The interaction between dorsal and ventral attention networks were considered to be mediated by MFG which is functionally connected with both dorsal and ventral attention networks (He et al., 2007). In our study, we found that the right hemispheric dominance in visuospatial attention performance was closely related to interhemispheric asymmetric anatomical connections between posterior SPL and the MFG connected by the fiber pathway of the SLF II (Makris et al., 2005). This finding was supported by previous diffusion MRI-based studies. Thiebaut de Schotten et al. (2011) found that asymmetric volume of the SLF II was related to asymmetric visuospatial attention and that larger volumes of axons in the parieto-frontal network transfer information at faster conduction speeds. Another TMS-based study also revealed that the fractional anisotropy (FA) values of the SLF II were also correlated with visuospatial attention performance (Koch et al., 2011). These studies collectively demonstrated MFG plays an important role in visuospatial attention. Thus, MFG may be mainly involved in coupling the dorsal and ventral network to coordinate the interaction between the two networks. Furthermore, the anatomical connectivity mapping results in our study seem to indicate that the MFG coordinates the ventral attention network for reorienting attention through the posterior SPL via the SLF II and EmC.

Previous studies proposed that interhemispheric competition or imbalanced interaction between the hemispheric PPCs underlie the brain asymmetry in visuospatial abilities (Kinsbourne, 1977, 1993). Here, we used TMS technique and revealed functional asymmetry of the bilateral posterior SPL in visuospatial attention, a finding which was consistent with a previous functional neuroimaging finding (Corbetta et al., 1993). The subsequent anatomical connectivity mapping found asymmetric white matter pathways of the bilateral posterior SPLs with the contralateral PPC. The identified asymmetric white matter pathway of the posterior CC to the contralateral PPC was consistent with the previous studies (Hofer and Frahm, 2006; Koch et al., 2011). However, the exact role of the posterior CC in human cognitive ability has not been well documented. The connectivity mapping and correlation analysis in our study indicated that the asymmetric posterior CC connecting the bilateral PPC played an important role in visuospatial attention. The stronger connections of the right SPL to the contralateral PPC than that of the left SPL supported the dominant role of the right SPL in visuospatial attention. In addition, our findings suggest that asymmetry of visuospatial attention was controlled by distributed networks including the fronto-parietal network and the bilateral parietal network. We also confirmed that the interhemispheric parietal network was significantly related to the control of the right hemisphere dominance in visuospatial attention via the posterior CC.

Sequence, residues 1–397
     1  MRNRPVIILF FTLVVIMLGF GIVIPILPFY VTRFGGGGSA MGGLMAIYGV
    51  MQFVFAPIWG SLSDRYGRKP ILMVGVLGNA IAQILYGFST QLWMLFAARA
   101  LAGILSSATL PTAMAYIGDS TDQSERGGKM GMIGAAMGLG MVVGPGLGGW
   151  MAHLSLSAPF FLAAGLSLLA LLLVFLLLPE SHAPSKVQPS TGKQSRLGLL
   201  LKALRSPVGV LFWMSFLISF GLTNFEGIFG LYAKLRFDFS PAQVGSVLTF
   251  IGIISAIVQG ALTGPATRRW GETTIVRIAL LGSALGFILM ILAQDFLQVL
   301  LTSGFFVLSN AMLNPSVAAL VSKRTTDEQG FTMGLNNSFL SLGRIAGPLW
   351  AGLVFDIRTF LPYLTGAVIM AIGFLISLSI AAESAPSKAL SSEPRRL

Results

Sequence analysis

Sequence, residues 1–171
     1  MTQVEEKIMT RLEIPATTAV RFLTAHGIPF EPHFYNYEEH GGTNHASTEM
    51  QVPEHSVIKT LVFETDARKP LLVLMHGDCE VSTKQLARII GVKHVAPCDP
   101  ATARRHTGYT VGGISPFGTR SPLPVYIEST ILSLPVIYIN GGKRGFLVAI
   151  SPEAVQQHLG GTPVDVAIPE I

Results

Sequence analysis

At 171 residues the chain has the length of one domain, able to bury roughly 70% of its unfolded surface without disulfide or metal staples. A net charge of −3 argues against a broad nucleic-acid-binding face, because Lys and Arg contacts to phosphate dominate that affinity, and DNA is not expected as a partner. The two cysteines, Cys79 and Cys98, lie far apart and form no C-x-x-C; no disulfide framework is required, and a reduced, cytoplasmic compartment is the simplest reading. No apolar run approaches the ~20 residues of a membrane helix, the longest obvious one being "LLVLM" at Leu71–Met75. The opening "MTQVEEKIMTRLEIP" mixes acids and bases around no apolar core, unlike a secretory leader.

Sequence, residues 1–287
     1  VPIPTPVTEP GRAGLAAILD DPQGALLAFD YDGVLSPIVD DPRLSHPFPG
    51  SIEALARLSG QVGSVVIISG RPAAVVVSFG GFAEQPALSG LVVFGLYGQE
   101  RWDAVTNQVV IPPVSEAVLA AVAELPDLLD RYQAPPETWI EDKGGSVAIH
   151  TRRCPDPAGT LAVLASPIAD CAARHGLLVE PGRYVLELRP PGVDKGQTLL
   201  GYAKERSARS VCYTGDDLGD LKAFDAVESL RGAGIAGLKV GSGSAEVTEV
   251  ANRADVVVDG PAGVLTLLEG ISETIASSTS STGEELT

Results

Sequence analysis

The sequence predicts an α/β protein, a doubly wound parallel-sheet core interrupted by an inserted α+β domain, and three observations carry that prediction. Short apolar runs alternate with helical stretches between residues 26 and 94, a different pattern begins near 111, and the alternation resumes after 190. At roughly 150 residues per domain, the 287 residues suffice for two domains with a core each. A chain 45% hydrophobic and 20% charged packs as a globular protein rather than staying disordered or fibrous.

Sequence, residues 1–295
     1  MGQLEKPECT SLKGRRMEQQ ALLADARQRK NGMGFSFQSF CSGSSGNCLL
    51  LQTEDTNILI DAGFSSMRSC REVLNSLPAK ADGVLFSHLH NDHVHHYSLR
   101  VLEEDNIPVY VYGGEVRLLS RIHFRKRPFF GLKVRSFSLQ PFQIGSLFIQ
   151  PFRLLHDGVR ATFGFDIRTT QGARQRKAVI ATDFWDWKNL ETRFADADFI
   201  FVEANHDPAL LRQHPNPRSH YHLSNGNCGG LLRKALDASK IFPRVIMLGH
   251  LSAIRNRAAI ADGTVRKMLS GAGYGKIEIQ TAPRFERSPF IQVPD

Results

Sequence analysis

Author Contributions

YW, JW, YW, KZ, and TJ designed the study. YW, YZ, DZ, JZ, MR, and HW performed the experiments. YW and JW analyzed the data. YW, JW and TJ wrote the article.

Conflict of Interest Statement

The authors declare that the research was conducted in the absence of any commercial or financial relationships that could be construed as a potential conflict of interest.

The reviewer MCP and the handling Editor declared their shared affiliation, and the handling Editor states that the process nevertheless met the standards of a fair and objective review.

Acknowledgments

This work was supported by the Strategic Priority Research Program of the Chinese Academy of Sciences (Grant No. XDB02030300), and the Natural Science Foundation of China (31500867, 91132301). The authors thank Rhoda E. and Edmund F. Perozzi for editing assistance.

Footnotes

  1. ^ www.fmrib.ox.ac.uk/fsl
  2. ^ www.fil.ion.ucl.ac.uk/spm

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Keywords: transcranial magnetic stimulation, anatomical connectivity, fronto-parietal network, posterior parietal cortex, superior parietal lobule

Citation: Wu Y, Wang J, Zhang Y, Zheng D, Zhang J, Rong M, Wu H, Wang Y, Zhou K and Jiang T (2016) The Neuroanatomical Basis for Posterior Superior Parietal Lobule Control Lateralization of Visuospatial Attention. Front. Neuroanat. 10:32. doi: 10.3389/fnana.2016.00032

Received: 17 November 2015; Accepted: 10 March 2016;
Published: 24 March 2016.

Edited by:

Ricardo Insausti, University of Castilla la Mancha, Spain

Reviewed by:

Zoltan Rusznak, Neuroscience Research Australia, Australia
Marta Córcoles-Parada, University of Edinburgh, UK

Copyright © 2016 Wu, Wang, Zhang, Zheng, Zhang, Rong, Wu, Wang, Zhou and Jiang. This is an open-access article distributed under the terms of the Creative Commons Attribution License (CC BY). The use, distribution and reproduction in other forums is permitted, provided the original author(s) or licensor are credited and that the original publication in this journal is cited, in accordance with accepted academic practice. No use, distribution or reproduction is permitted which does not comply with these terms.

*Correspondence: Jiaojian Wang, jiaojianwang@uestc.edu.cn;
Tianzi Jiang, jiangtz@nlpr.ia.ac.cn